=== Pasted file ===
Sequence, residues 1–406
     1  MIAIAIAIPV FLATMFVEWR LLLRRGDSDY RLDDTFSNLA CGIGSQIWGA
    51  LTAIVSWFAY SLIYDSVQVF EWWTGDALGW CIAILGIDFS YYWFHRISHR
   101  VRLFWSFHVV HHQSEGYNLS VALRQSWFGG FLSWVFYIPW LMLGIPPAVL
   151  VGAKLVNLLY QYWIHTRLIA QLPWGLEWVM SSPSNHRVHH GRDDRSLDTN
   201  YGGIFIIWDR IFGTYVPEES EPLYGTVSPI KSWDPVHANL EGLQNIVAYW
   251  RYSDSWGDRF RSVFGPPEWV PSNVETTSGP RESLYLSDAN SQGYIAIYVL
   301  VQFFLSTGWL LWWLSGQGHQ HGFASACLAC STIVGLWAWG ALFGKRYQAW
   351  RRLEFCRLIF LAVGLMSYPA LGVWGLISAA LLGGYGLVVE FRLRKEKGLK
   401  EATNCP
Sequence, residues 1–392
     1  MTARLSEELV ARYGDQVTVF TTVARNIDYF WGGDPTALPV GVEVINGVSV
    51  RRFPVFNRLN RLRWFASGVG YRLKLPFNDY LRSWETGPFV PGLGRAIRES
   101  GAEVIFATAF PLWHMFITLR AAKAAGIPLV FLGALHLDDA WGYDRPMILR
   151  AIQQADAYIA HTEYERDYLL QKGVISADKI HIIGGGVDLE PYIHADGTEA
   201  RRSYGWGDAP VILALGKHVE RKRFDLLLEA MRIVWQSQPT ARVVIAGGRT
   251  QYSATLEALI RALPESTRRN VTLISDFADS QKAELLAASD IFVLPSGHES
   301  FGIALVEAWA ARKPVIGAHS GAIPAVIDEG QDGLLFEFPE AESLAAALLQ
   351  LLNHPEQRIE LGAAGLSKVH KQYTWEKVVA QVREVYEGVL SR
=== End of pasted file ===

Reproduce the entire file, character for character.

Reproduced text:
Sequence, residues 1–406
     1  MIAIAIAIPV FLATMFVEWR LLLRRGDSDY RLDDTFSNLA CGIGSQIWGA
    51  LTAIVSWFAY SLIYDSVQVF EWWTGDALGW CIAILGIDFS YYWFHRISHR
   101  VRLFWSFHVV HHQSEGYNLS VALRQSWFGG FLSWVFYIPW LMLGIPPAVL
   151  VGAKLVNLLY QYWIHTRLIA QLPWGLEWVM SSPSNHRVHH GRDDRSLDTN
   201  YGGIFIIWDR IFGTYVPEES EPLYGTVSPI KSWDPVHANL EGLQNIVAYW
   251  RYSDSWGDRF RSVFGPPEWV PSNVETTSGP RESLYLSDAN SQGYIAIYVL
   301  VQFFLSTGWL LWWLSGQGHQ HGFASACLAC STIVGLWAWG ALFGKRYQAW
   351  RRLEFCRLIF LAVGLMSYPA LGVWGLISAA LLGGYGLVVE FRLRKEKGLK
   401  EATNCP
Sequence, residues 1–392
     1  MTARLSEELV ARYGDQVTVF TTVARNIDYF WGGDPTALPV GVEVINGVSV
    51  RRFPVFNRLN RLRWFASGVG YRLKLPFNDY LRSWETGPFV PGLGRAIRES
   101  GAEVIFATAF PLWHMFITLR AAKAAGIPLV FLGALHLDDA WGYDRPMILR
   151  AIQQADAYIA HTEYERDYLL QKGVISADKI HIIGGGVDLE PYIHADGTEA
   201  RRSYGWGDAP VILALGKHVE RKRFDLLLEA MRIVWQSQPT ARVVIAGGRT
   251  QYSATLEALI RALPESTRRN VTLISDFADS QKAELLAASD IFVLPSGHES
   301  FGIALVEAWA ARKPVIGAHS GAIPAVIDEG QDGLLFEFPE AESLAAALLQ
   351  LLNHPEQRIE LGAAGLSKVH KQYTWEKVVA QVREVYEGVL SR